These issues are already plausible entertainment fodder. On television’s Homeland, the vice president of the United States had a forced heart attack when firmware on his pacemaker was exposed to terrorists.

The risk is not just Hollywood hype; it's real. The aforementioned Homeland story line is made even more startling by the fact that this was based on a real security concern over former Vice President Dick Cheney's pacemaker implanted in 2007. Historically, the medical device industry has been marred by several other concerns around security vulnerabilities. In 2015, the FDA issued a warning about infusion pumps installed in more than 400,000 hospitals that could have been maliciously taken over to deliver lethal doses of medication to patients receiving IV drips. Additionally, just last year the FDA issued a warning about cyber security vulnerabilities in St. Jude Medical’s implantable cardiac devices.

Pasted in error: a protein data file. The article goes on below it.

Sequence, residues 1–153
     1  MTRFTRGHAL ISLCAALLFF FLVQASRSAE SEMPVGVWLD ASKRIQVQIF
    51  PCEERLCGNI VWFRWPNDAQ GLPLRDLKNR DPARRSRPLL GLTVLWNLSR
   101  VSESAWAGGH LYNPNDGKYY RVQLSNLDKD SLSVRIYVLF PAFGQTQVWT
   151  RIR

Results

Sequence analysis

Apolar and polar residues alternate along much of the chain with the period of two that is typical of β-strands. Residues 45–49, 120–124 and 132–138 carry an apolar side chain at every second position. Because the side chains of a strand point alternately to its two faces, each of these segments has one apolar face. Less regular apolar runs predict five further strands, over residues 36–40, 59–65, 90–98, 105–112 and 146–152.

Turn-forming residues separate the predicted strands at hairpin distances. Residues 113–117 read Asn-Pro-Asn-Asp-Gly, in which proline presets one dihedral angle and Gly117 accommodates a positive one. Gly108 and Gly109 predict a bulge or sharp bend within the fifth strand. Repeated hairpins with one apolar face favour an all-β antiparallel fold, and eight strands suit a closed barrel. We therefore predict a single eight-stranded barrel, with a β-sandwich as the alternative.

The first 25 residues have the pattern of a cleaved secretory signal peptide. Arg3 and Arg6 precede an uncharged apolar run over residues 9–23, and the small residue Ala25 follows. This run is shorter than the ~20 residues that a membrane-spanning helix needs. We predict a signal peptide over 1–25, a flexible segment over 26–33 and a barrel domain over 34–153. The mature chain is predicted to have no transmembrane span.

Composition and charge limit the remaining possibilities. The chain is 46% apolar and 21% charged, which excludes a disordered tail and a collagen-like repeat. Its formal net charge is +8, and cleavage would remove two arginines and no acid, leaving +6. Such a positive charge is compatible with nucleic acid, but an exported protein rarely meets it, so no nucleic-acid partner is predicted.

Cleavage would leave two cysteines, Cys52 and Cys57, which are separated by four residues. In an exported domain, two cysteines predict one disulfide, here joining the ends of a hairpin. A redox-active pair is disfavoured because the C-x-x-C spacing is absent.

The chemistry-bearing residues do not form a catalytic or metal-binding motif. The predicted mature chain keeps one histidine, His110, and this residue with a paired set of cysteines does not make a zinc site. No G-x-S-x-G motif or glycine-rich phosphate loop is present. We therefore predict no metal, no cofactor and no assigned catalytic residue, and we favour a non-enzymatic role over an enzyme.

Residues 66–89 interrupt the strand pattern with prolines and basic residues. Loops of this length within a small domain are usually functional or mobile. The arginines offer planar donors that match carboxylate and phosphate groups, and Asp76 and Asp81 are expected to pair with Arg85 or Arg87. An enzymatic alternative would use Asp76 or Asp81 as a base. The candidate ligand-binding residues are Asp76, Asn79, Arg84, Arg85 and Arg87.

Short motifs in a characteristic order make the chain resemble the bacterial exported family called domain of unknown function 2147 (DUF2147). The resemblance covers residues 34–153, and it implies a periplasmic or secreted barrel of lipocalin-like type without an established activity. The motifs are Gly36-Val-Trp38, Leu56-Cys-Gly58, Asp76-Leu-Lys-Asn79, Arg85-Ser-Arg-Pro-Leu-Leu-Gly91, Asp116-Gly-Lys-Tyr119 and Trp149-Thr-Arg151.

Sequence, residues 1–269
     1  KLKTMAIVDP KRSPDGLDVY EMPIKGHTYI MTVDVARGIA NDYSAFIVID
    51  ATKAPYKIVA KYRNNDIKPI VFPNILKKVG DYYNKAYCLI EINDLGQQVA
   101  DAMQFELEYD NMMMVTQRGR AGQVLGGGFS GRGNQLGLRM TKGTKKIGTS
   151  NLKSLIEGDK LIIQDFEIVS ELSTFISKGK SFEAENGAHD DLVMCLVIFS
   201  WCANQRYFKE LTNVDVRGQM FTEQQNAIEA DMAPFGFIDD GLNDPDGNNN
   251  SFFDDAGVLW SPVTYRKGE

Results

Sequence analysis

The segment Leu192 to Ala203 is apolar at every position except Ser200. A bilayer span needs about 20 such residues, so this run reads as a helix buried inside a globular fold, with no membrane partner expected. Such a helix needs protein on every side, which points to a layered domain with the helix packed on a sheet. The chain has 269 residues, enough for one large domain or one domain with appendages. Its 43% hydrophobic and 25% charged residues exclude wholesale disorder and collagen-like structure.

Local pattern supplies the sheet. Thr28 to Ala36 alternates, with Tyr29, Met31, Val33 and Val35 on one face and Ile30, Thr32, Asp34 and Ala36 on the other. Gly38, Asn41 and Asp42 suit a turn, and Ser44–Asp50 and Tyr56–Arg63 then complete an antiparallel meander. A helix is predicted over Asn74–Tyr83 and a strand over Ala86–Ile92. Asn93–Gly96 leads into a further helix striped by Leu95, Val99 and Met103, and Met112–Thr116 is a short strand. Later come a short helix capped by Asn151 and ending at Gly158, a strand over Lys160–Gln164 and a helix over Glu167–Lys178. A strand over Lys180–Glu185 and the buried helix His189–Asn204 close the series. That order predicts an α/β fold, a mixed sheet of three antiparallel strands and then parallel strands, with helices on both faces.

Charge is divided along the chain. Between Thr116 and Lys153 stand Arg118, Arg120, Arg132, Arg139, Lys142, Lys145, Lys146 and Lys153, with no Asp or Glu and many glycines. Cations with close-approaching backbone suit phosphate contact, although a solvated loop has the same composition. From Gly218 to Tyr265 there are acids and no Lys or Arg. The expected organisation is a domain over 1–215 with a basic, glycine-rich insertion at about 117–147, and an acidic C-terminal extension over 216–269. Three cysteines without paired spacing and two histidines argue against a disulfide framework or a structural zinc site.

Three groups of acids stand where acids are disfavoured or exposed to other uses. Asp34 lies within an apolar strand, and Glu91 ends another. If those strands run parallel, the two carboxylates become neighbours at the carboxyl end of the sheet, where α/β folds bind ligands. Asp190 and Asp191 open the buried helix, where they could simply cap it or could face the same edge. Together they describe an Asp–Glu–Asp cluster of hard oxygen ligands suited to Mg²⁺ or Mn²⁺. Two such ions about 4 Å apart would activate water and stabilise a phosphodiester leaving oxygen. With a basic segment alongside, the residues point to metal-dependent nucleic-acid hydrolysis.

Any connected medical device is a point of exposure. Once medical devices are in use, they need to be securely updated and frequently enhanced. They also need the ability to defend themselves from modifications from hackers.

I recommend that participants in the Pre-Cert program address six specific security concerns.

Secure The Application

In addition to securing access to the application on the device, place particular attention on preventing embedded and mobile apps from being tampered with or modified. Once hackers access the app source code, an application can be decompiled and modified with malicious code aimed at exploiting anyone using that particular mobile application to connect to their medical device.

Prevent Cryptographic Key Exposure

A potential vulnerability is security around cryptographic keys. Once hackers have exposed the key, sensitive data can be exposed. Identify where the crypto key is stored, determine how it is generated and test for crypto key vulnerabilities to prevent exposure.

Protect Embedded Apps And SDKs